Complaints about sub-par economic growth have been unceasing since the global financial crisis, often pegged as criticism of governmental policy mistakes. But Vanguard sees reason to be cheerful about the caesura in the pre-crisis 3% growth to today's 2% trend.
"The [pre-crisis] explosive growth in debt-financed consumer spending was a risky, if temporarily effective, economic steroid…Without the debt-financed spike in consumer spending from 1980 to 2007, GDP growth would have been 0.76 percentage point lower. If we adjust that figure for the slower population growth that we…can expect in the decades ahead, GDP growth would have been about 2% per year. The new normal is mostly the old normal, minus the surge in performance-enhancing debt."
That upbeat point of view contrasts with a predominantly bleak perspective in today's news and views, starting with the IMF's gloomy global forecast:
- Jim Sloan: The 5 best days to have bought stocks in the past 100 years, and lessons therefrom.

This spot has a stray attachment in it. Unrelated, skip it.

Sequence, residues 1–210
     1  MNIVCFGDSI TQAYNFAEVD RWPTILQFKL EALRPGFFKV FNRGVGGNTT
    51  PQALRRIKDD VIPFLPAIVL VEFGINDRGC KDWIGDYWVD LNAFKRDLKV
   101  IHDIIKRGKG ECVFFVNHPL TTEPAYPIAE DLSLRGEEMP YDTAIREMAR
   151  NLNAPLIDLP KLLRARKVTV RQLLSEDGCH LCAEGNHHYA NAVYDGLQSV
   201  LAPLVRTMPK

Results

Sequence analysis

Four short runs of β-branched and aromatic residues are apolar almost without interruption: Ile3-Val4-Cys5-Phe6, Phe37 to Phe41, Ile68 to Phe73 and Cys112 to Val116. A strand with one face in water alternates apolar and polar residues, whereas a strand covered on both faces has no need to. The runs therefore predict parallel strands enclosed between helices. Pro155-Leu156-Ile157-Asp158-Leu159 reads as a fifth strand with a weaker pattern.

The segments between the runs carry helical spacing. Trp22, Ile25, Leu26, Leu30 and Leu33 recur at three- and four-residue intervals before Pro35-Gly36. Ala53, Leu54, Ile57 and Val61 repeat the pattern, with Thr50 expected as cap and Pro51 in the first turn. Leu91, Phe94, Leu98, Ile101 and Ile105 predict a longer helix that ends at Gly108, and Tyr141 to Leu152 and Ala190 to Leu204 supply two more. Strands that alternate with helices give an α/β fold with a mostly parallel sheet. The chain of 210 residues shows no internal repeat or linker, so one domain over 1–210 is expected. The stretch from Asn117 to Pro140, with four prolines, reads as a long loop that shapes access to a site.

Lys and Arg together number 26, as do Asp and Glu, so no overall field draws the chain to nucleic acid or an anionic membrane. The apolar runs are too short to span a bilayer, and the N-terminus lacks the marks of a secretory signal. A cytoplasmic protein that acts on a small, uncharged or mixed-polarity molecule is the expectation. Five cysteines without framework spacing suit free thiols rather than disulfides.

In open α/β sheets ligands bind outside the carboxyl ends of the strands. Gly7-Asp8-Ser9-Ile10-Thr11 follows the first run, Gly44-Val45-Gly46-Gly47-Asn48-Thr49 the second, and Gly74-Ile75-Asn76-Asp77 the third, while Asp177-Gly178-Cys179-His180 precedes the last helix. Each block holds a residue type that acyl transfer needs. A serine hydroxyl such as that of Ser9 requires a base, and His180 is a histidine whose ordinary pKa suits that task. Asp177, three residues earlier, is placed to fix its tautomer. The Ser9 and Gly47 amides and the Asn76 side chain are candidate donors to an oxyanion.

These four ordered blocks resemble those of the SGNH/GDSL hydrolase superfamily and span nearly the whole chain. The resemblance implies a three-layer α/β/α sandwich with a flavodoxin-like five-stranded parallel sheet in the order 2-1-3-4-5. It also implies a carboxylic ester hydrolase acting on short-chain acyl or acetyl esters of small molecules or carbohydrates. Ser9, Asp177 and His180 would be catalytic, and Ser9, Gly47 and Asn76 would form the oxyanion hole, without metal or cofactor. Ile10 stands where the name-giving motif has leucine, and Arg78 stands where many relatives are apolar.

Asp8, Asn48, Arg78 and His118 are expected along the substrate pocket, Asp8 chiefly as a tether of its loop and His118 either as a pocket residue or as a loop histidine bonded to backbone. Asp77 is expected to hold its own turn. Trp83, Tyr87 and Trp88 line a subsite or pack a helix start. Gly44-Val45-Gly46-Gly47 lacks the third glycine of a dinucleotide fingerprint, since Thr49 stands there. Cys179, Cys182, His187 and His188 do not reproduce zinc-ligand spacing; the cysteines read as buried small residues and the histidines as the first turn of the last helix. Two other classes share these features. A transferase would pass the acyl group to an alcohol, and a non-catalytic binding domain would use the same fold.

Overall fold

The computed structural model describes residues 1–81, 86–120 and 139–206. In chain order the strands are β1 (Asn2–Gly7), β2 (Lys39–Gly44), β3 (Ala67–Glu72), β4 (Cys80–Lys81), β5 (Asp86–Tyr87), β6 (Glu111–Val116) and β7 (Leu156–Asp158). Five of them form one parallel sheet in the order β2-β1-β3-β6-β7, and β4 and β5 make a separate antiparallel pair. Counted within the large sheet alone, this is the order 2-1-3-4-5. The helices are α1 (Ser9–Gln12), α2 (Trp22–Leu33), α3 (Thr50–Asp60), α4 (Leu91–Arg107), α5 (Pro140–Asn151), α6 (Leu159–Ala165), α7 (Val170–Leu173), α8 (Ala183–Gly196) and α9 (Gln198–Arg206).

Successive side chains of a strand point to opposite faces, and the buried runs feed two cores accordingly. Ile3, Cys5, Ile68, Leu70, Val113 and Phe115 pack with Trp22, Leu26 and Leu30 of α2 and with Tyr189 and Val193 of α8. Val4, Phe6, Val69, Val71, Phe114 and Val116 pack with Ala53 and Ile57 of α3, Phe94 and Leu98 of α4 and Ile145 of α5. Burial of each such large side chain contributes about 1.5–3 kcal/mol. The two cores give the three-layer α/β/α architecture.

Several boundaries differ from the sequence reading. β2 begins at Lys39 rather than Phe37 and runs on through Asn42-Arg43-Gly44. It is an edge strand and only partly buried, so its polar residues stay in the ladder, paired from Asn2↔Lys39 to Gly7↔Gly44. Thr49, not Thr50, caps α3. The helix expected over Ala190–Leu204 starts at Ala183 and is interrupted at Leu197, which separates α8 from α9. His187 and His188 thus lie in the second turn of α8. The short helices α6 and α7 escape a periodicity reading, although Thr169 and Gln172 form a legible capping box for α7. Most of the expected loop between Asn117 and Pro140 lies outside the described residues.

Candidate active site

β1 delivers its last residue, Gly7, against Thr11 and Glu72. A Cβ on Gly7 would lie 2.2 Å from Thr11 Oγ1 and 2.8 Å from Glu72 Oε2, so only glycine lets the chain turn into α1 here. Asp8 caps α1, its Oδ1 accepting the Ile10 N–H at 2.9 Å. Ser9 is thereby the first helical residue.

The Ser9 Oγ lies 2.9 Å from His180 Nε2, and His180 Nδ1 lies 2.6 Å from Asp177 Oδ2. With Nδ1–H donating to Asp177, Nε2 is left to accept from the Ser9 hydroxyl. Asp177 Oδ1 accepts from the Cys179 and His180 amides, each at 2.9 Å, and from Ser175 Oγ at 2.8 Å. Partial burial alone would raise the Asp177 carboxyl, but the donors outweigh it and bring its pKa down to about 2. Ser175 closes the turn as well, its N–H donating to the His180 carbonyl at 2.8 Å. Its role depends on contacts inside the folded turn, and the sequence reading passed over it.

- Gary Gordon explains why today's U.S. stock market does not present such an opportunity.
- And Dana Blankenhorn says now is a most auspicious time to raise cash.
- Venture capitalist Peter Thiel says everything's overvalued: stocks, government bonds, housing, etc.
- Only 11% of 40- and 50-year-olds are on track toward retirement sufficiency.
- Larry Swedroe suggests partial annuitization (via immediate annuities) as a potential solution for those who fear they will have insufficient retirement income.
- Retirement researcher Wade Pfau ways in on the investments vs. insurance debate as well, and also recommends partial annuitization.
- The ultimate impact of the new fiduciary rule will only be worked out as various industry players weigh in - via lawsuits and otherwise.